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Four Properties of a Coated Abrasive

Four Properties of a Coated Abrasive

Posted by Klingspor's Woodworking Shop on Oct 7th 2021

Size Coat

The second layer of adhesive bonding, referred to as the size coat has two main purposes. The first is to tie the individual grains on the abrasive face together, so that they act as a unit instead of as individual grains. The other function of the size coat is to act as a heat shield for the grain. As previously discussed, most of the bonding agents in coated abrasives are phenolic resins, which after curing, are heat resistant.

Too much size coat or too little size coat can cause performance and finishing issues. Too much size coat and the grain won't be able to cut, instead creating a shiny effect on the abrasive's surface often resulting in burning of both the abrasive and the workpiece. This is called glazing. Too little and the grains won't act as a unit and will shed individually under pressure. Glazing and shedding are primary indicators that something may have gone wrong during the application of the size coat.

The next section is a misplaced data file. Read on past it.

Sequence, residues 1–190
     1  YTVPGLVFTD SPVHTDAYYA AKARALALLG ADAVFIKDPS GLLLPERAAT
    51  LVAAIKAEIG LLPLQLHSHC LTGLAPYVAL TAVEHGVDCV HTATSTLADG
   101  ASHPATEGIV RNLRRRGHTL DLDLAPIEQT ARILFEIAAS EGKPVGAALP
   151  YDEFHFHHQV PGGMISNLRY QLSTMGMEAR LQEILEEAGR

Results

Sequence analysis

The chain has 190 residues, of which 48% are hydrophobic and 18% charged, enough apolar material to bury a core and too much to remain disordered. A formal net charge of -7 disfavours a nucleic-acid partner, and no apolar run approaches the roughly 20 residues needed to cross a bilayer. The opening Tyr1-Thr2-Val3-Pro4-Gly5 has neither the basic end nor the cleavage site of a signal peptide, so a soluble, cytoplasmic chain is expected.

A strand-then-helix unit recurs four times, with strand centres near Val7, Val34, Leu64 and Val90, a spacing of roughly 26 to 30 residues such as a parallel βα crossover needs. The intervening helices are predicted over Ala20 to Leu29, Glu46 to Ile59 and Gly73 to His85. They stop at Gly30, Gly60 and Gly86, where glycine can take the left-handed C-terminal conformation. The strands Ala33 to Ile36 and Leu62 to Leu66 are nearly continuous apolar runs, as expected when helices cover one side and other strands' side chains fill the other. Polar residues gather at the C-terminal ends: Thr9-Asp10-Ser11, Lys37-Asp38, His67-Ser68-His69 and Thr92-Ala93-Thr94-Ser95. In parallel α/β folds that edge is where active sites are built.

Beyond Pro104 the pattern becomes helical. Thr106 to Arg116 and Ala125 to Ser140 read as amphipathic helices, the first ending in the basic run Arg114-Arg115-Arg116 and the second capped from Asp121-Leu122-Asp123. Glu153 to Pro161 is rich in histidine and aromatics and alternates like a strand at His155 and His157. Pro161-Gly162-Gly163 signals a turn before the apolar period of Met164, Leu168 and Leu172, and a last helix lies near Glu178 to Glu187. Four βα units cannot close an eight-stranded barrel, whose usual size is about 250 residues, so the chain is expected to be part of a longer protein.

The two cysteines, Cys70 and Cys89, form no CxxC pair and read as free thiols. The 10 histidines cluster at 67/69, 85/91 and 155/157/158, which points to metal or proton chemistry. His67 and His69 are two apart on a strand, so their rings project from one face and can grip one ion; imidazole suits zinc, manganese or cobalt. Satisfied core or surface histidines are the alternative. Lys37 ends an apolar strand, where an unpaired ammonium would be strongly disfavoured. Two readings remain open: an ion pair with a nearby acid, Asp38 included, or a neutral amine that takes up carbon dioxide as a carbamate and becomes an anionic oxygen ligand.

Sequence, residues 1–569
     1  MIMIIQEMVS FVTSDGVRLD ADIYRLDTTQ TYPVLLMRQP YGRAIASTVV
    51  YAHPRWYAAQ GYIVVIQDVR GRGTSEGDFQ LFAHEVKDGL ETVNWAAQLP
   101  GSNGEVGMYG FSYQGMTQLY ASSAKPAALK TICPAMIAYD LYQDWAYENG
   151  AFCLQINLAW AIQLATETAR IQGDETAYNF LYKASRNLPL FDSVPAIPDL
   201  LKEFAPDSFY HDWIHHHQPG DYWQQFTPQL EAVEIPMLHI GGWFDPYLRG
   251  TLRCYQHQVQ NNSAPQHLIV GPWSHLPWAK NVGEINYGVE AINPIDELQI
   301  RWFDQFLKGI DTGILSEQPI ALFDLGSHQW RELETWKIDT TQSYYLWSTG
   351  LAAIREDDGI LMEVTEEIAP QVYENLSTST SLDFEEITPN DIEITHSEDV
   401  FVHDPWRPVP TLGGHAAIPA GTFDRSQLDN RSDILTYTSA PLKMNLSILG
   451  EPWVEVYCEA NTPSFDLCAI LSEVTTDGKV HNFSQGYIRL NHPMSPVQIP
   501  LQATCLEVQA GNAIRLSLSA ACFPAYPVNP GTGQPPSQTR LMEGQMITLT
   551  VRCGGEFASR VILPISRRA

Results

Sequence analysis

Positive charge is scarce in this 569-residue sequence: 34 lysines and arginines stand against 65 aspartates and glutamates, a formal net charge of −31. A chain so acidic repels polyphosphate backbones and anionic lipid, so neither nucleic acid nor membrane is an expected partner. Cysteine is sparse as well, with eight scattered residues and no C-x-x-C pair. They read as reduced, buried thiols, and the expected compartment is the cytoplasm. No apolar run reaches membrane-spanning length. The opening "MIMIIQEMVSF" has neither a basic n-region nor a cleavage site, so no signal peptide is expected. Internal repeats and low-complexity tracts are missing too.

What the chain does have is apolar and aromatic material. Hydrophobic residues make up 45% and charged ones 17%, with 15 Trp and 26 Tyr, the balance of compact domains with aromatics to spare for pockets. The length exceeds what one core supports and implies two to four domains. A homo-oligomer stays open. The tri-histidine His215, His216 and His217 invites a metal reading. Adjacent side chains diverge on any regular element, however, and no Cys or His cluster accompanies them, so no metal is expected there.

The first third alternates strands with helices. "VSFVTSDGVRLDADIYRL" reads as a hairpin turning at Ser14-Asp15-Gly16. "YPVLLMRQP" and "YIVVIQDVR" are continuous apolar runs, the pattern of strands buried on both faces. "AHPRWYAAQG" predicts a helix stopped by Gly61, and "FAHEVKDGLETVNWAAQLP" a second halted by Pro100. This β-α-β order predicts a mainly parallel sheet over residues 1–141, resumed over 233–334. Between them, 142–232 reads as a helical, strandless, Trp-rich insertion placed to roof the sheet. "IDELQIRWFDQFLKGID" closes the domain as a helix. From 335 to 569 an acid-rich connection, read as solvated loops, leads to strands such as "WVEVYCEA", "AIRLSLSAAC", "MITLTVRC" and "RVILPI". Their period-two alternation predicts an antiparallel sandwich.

Size coat is also where several optional steps may occur. These would include but not be limited to the addition of dyes, stearates and lubricants. Size coat is a critical part of the making process that can have far reaching affects on both the life and finishing properties of coated abrasives.

Abrasive Grain

A substance used for abrading, grinding, polishing, lapping, such as the natural materials Emery, Garnet, Flint, and Crocus, and the manufactured or electric furnace materials: Aluminum Oxide, Silicon Carbide, and Alumina Zirconia.

Maker Coat

The maker coat is the first layer of adhesive bonding in the maker process. The purpose of the maker coat is to provide a seat for the grain that will be applied in the electrostatic coating process. In other words, it is what adheres the grain to the backing. Most of the bonding agents today are synthetic resins and are phenolic which ensures a sturdy, heat resistant point of connection between the grain and the backing.

Backer Cloth

A flexible or semi-rigid material to which abrasive grain is bonded.